House prices increased more than 13% on a year-over-year basis, but house-buying power has grown even faster, increasing by more than 19%, saidChief Economist Mark Fleming at First American Financial Corporation. He and other economists are examining the latest home-price and affordability data and seeing trends that may, at first blush, seem contradictory, but the analysts make some sense of the situation.
Fleming this week released his January 2021 First American Real House Price Index (RHPI), which measures the price changes of single-family properties throughout the U.S. adjusted for the impact of income and interest rate changes on consumer house-buying power over time at national, state, and city/metro levels. Additionally, the RHPI adjusts for house-buying power, thus serves as a housing-affordability measure.
Fleming points out in his report that those soaring nominal home prices do not tell the entire affordability story.
"It is true that nominal house prices are the highest they have ever been, over 22 percent higher than the housing boom peak in 2006,” Fleming said. “The acceleration in the pace of annual house price growth began in the summer months of 2020, as potential homebuyers emerged from lockdowns armed with record-low mortgage rates and were met by historically low housing supply—a perfect storm for rapid nominal house price appreciation.
By conventional measures of affordability, especially in an environment of modestly rising (in some markets declining) household income, a surge in nominal house prices implies significantly reduced affordability, yet, nominal house price fluctuations alone, or even the relationship between nominal house price growth and income growth, can be a misleading indicator of affordability, and overlooks what matters more to potential buyers—house-buying power—how much home one can buy based on changes in income and interest rates.
The Real House Price Index (RHPI) adjusts nominal house prices for purchasing power by considering how income levels and interest rates influence the amount one can borrow, Fleming explained.
“The ability of low or declining interest rates to boost house-buying power makes it possible for a housing market have high or even rising nominal house prices yet remain highly affordable (as measured by the RHPI) and vice versa. Indeed, a walk down house price memory lane shows us that nominal house prices alone are not always a good measure of affordability.”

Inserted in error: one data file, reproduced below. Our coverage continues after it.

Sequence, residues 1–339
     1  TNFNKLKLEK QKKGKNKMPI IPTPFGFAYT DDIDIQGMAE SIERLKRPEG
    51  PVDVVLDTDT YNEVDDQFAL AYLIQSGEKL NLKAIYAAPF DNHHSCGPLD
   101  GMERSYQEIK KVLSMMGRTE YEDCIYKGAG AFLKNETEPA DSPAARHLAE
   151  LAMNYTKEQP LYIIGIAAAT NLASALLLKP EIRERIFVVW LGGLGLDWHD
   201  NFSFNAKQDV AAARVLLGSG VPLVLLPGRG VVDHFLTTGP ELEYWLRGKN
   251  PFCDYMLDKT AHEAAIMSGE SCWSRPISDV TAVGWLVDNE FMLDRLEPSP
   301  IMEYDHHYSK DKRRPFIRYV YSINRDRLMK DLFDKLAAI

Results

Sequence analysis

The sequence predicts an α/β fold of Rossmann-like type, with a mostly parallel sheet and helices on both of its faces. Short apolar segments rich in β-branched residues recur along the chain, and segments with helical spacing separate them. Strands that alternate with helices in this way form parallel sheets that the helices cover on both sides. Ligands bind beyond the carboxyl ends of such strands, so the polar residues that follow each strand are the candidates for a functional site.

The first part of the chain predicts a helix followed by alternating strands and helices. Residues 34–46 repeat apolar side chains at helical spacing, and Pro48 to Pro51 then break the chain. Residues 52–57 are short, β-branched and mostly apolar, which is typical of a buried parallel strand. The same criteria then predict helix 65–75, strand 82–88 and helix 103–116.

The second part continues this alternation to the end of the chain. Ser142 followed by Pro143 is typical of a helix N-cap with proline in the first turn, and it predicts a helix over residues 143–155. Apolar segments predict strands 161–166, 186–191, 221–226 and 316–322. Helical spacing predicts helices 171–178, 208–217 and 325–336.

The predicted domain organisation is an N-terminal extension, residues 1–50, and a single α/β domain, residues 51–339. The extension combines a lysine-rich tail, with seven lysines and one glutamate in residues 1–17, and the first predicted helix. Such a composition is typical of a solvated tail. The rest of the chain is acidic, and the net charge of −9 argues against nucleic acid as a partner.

Other indexes, such as Realtor.com's Monthly Housing Trends Report show reveal similar narratives—the researchers there report more than 50% fewer homes to choose from are facing the double whammy of record-breaking prices and rising interest rates.
"In many areas of the country, there are half as many available homes for sale than a year ago—and in some markets that number increases to less than one-third. For a buyer, that means if they had 10 homes in their price range to choose from last year, they have less than five, perhaps as few as three, available to them today," said Realtor.com Chief Economist, Danielle Hale. "As a result, home prices have skyrocketed, shattering previous records. We expect to see more sellers emerge in the weeks ahead, which should give buyers more options. Homes will likely continue to sell fast, but increasing interest rates and monthly costs could slow the pace of price gains, unless we see a boost in demand from equity-rich repeat buyers."
ATTOM Data Solutions' first-quarter 2021 U.S. Home Affordability Report similarly showed those those mixed trends— homes remaining affordable but not quite as much as they have historically—happened amid a surge over the past year of homebuyers who largely escaped the economic damage caused by the pandemic. As those home seekers pursued a dwindling supply of homes for sale, prices shot up—just not enough to significantly outweigh the benefits of increased wages and average mortgage rates that sat below 3%.
"The past year certainly has been an odd one for the U.S. housing market. Home prices surged at a remarkable pace even as the virus pandemic damaged the U.S. economy, which dropped historical affordability levels. But average workers untarnished by the pandemic were still able to afford the typical home because wages and rock-bottom interest rates worked to their favor in a big way," said Todd Teta, chief product officer with ATTOM Data Solutions. "Much remains uncertain about the housing market in 2021. A lot will depend on how well the broader U.S. economy recovers from the pandemic and whether there are still many more buyers looking to escape congested neighborhoods most prone to the virus, pushing prices even higher. But for now, our data shows that average workers are able to manage the costs associated with rising values."